Agent Etienne first asked Heras what he was doing in the parking lot. Tr. 83-84. Heras stated that he was there to drop off Correa, and that he was waiting in the lot for a call from him to say that he was safe. Tr. 84-85. Heras further stated that he was not going to permit Correa to get back in the car after the hotel visit. Tr. 120. At the start of questioning, Heras stated that Correa was at the hotel to see a girl. Tr. 85. Upon further questioning, Heras stated that he knew that Correa was a drug dealer. Id. Heras said he had agreed to drive from his home in Manhattan to pick up Correa and Rodriguez and take them to a location along the Van Wyck expressway in Queens.*fn7 Tr. 113. Rodriguez did not tell him the reason for the trip, but Heras admitted to the agents that he knew or assumed it had to do with drugs, although he did not know what kind, nor did he know who Pannell was. Tr. 113-114, 120, 126. Agent Etienne testified that Heras also admitted that, during the car ride, Correa and Rodriguez had openly discussed Correa's plan to pick up drugs from someone at the hotel. Tr. 86. Heras told agents that in the car, Correa used the phrase "una vaina," a slang term meaning "a thing," to describe what he was going to do. Tr. 144. Heras indicated to the agents that "una vaina" suggested to him that drugs were involved. Id.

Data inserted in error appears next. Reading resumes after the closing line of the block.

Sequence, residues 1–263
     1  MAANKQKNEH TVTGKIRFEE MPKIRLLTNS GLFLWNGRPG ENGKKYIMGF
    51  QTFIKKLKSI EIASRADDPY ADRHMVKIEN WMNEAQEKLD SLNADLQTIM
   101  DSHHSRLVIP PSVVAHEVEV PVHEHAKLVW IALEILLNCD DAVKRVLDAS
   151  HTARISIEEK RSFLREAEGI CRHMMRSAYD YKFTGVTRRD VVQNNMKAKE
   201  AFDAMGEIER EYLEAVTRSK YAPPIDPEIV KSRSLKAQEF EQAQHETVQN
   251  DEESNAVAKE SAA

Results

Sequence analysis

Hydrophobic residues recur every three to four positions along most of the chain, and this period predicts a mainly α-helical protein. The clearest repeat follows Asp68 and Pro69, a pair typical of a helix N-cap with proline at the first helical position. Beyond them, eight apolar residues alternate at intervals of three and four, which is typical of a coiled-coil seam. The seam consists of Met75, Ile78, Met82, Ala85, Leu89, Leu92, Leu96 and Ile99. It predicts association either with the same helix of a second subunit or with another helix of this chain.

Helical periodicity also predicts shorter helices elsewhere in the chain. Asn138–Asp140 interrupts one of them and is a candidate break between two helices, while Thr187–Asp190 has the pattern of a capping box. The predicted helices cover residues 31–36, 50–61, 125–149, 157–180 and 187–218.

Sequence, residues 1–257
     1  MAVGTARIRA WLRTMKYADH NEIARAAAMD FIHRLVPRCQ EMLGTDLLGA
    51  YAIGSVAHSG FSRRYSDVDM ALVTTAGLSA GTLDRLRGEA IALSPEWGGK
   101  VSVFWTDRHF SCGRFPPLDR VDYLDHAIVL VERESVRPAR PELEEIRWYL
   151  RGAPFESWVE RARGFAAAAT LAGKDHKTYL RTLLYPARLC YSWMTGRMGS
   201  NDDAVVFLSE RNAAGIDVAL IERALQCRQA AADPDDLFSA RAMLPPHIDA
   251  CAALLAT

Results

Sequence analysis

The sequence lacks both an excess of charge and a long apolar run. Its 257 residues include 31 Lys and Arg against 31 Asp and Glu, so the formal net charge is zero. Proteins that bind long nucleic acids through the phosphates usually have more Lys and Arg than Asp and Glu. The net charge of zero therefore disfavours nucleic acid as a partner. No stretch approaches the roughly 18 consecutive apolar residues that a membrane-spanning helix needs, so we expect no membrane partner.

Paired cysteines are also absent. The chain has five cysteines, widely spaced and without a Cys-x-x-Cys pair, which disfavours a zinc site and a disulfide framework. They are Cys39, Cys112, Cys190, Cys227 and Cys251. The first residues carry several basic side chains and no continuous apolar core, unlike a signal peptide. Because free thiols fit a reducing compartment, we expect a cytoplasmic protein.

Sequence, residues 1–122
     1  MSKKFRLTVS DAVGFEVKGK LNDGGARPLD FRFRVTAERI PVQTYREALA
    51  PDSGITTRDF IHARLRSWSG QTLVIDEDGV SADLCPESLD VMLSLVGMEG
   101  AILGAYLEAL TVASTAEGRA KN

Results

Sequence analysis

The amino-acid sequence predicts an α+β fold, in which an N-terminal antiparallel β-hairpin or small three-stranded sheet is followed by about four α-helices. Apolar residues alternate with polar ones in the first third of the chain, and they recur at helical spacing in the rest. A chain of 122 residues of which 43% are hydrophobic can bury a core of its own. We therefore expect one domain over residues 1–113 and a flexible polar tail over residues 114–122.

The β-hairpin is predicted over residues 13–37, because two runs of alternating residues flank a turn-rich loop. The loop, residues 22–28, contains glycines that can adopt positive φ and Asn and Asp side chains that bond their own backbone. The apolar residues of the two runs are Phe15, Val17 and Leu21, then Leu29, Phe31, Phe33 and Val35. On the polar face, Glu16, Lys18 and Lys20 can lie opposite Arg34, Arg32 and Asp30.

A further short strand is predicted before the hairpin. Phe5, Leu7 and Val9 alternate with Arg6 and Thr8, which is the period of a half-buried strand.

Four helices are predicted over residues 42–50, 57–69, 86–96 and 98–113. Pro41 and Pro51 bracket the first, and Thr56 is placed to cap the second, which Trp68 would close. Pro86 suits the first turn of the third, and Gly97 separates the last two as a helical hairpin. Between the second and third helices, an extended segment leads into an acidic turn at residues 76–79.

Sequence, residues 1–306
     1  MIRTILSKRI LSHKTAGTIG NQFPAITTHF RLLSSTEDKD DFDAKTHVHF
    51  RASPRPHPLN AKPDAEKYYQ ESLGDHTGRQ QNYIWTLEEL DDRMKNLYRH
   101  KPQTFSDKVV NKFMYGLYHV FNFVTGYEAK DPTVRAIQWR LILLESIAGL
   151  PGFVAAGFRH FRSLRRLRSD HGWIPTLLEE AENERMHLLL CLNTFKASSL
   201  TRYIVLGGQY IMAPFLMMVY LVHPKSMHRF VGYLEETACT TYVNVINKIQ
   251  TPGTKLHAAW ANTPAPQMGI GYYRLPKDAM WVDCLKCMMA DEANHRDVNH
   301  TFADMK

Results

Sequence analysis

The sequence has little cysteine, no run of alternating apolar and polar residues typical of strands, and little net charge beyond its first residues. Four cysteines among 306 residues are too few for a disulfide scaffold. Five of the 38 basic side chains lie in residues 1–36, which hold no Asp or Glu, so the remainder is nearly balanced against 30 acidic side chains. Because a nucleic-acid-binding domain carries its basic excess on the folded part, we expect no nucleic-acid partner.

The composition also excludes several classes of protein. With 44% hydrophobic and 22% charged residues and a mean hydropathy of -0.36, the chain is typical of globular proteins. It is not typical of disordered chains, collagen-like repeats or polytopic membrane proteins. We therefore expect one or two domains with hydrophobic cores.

When asked whether he expected to receive compensation for the ride to the hotel, Heras stated that he was not going to get paid for giving Correa a ride, but rather that he "understood that Luichi was going to take care of him." Tr. 87. When Etienne questioned Heras about the meaning of this statement, Heras replied that he (Heras) was a "small time... marijuana dealer," and that Correa had connected him with sources for marijuana in the past, which Heras hoped he would do again. Id.